We must start there. It’s interesting because that’s also the place where we often can take things for granted relationally. We may assume we always will have someone in our life, but that is not always the case. Relationships need to be nurtured. Now, it’s interesting because, in this time of confinement, there’s been maybe normalcy to a degree that none of us have been accustomed to. So it may be that we start to take things for granted because it’s habitual and we’re accustomed to it.
Let’s not take the key people in our lives for granted. Let’s not assume we will always have them. Instead, if we’re able to, and we’re sensing there’s been some damage that’s occurred, let’s devote ourselves potentially to repairing those relationships. So I asked the question, what would breakthrough and repair work look like? Are there some conversations we need to have with a few people in our lives? Such as getting yourself in a place where you can have that conversation prayerfully and then ask to have it. Is there some love that we need to reaffirm that we’ve been negligent around because we’re just kind of used to it?
The danger of being accustomed to something and having it all the time is we start to just take it for granted as if it’s nothing. Let’s be careful about that. Let’s be careful about taking for granted our great blessings. Maybe some love needs to be affirmed. Maybe there are some apologies that need to be made. Maybe some forgiveness needs to be asked for or offered. That could be another strong stronghold, a reluctance to offer forgiveness. Let us forgive as we have been forgiven. We will never stop needing any of the forgiveness that the Lord has at work in our lives. So we should never stop offering that to others, especially people God has given us to love. Maybe that’s a door that needs to be opened and repaired.
Another thing I was thinking about how to do has to do with our attitude and demeanor. Perhaps some of us have allowed negativity to define us. Instead of allowing our adversity to refine us, we’ve given a place to negativity and have been defined by that. We’ve allowed a critical spirit to settle in. Instead of staying optimistic, we’ve yielded to pessimism, a pessimism that needs to be challenged by faith. Don’t yield to that. Don’t let that be our defining characteristic, negativity in a critical spirit. Resist that with all your mind in the Lord.
This is especially true, not the exclusive domain of the older, but it’s especially true for those of us who are advancing in years. It’s very easy to drop into a negative place. Just don’t do that. Don’t do that. Let’s choose instead to embrace the joy of the Lord. “Rejoice in the Lord, always. And again, I say rejoice.” We can always find reasons to be angry, upset, or offended. We can. If we want to find it, we can find it. I could find it, so it is easy to find it inside of me, inside of other people, the world around me, everything’s bad, and so on. No, don’t go there. It’s so easy for us to drop into that place.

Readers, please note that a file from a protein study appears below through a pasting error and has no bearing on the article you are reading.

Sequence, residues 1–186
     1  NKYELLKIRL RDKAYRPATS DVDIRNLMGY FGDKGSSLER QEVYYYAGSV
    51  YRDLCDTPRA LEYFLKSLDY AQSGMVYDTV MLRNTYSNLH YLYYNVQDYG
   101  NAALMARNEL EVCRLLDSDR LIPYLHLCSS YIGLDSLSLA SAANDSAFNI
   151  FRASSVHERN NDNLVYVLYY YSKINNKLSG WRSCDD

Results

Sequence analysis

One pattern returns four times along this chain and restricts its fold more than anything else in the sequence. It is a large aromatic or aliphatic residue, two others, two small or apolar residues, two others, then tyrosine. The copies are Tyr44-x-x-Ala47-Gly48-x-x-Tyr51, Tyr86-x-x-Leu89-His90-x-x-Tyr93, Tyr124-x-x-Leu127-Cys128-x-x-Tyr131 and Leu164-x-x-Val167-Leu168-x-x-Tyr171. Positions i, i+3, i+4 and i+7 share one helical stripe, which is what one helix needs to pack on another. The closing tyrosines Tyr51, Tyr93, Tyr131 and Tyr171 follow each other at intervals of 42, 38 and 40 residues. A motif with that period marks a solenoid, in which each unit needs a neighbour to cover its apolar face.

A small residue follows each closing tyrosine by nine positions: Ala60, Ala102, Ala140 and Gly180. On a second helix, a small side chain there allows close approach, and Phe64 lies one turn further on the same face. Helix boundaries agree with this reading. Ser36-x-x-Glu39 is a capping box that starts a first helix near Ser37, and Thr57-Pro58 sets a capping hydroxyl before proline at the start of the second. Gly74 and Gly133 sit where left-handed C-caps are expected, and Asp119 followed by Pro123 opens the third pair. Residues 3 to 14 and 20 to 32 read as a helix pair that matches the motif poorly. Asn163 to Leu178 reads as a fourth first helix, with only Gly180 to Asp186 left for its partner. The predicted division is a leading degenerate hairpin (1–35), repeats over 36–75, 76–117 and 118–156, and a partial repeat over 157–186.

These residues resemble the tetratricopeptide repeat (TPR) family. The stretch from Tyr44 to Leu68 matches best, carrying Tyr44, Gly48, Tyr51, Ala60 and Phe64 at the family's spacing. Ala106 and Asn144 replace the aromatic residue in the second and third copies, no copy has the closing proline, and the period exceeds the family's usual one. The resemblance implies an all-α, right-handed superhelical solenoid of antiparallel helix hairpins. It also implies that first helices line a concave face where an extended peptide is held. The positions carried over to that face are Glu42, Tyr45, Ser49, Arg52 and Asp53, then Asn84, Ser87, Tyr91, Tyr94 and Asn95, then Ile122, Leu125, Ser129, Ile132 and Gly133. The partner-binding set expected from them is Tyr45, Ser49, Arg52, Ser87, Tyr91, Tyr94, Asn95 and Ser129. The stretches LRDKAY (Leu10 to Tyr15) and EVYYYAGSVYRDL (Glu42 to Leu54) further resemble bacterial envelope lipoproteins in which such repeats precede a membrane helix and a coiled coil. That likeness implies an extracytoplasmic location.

However, to cultivate an attitude of trust and optimism, to think on the good things, think on these things. Think of good, true, noble, and lovely things. That’s a choice we make. Perhaps in the midst of this period, that the Lord is saying, that’s one of the doors I want you to open. Open up those doors, repair those doors. Let’s move back to Hezekiah.
Verse three, “In the very first month of the first year of his reign, Hezekiah reopened the doors of the temple of the Lord and he repaired them.” The temple doors faced east into the brilliance of the rising sun. So when the doors opened up, the sun would come in. When the light beamed in it was a glorious sight. I imagine them repairing those doors if they could open again. When they opened the doors to the Lord and the sun shone in, it revealed something though, because not only was it glorious, it also revealed the extent of the neglect and what needed to be cleaned, repaired, and fixed.
It allowed them to see with great clarity, the dirt, the clutter, the mess. In other words, not just the doors, but what was behind the broken doors. I think we need to allow the light of the Son. I’m talking about S-O-N, not S-U-N. Although it’s good to allow the light of the sun, S-U-N in, we need that, it keeps our spirits up. A lot of good things happen in sunlight. Now I’m talking about Sonlight as an S-O-N-L-I-G-H-T. Sonlight, the light of Jesus to shine into our lives and reveal at the outset of the year the things that he wants us to focus on in this month.
He wants us to clean and repair, right? If choosing to open the doors is the first step, then responding to what we see is the second step. So much of breakthrough is seeing and responding to what God is inviting us into. I’ll say that one more time. So much of breakthrough is both seeing and responding to what God is calling us to be attentive to. For what I cannot see, I cannot be. I cannot be what I cannot see. This is one of the reasons why, when Jesus interacted with the scribes and the Pharisees, in his critics, He said, “Listen to me. Your real issue is that you cannot see.”
It says in Matthew 13, look what Jesus says. He says, “This fulfills the prophecy of Isaiah that says, when you hear what I say, you will not understand. When you see what I do, you will not comprehend. For the hearts of these people are hardened and their ears cannot hear, and they have closed their eyes. So their eyes cannot see, and their ears cannot hear. And their hearts cannot understand, and they cannot turn to me, and let me heal them.” The last phrase, “And let me heal them, heal them.” “They cannot turn to me and let me heal them.” That’s so sad.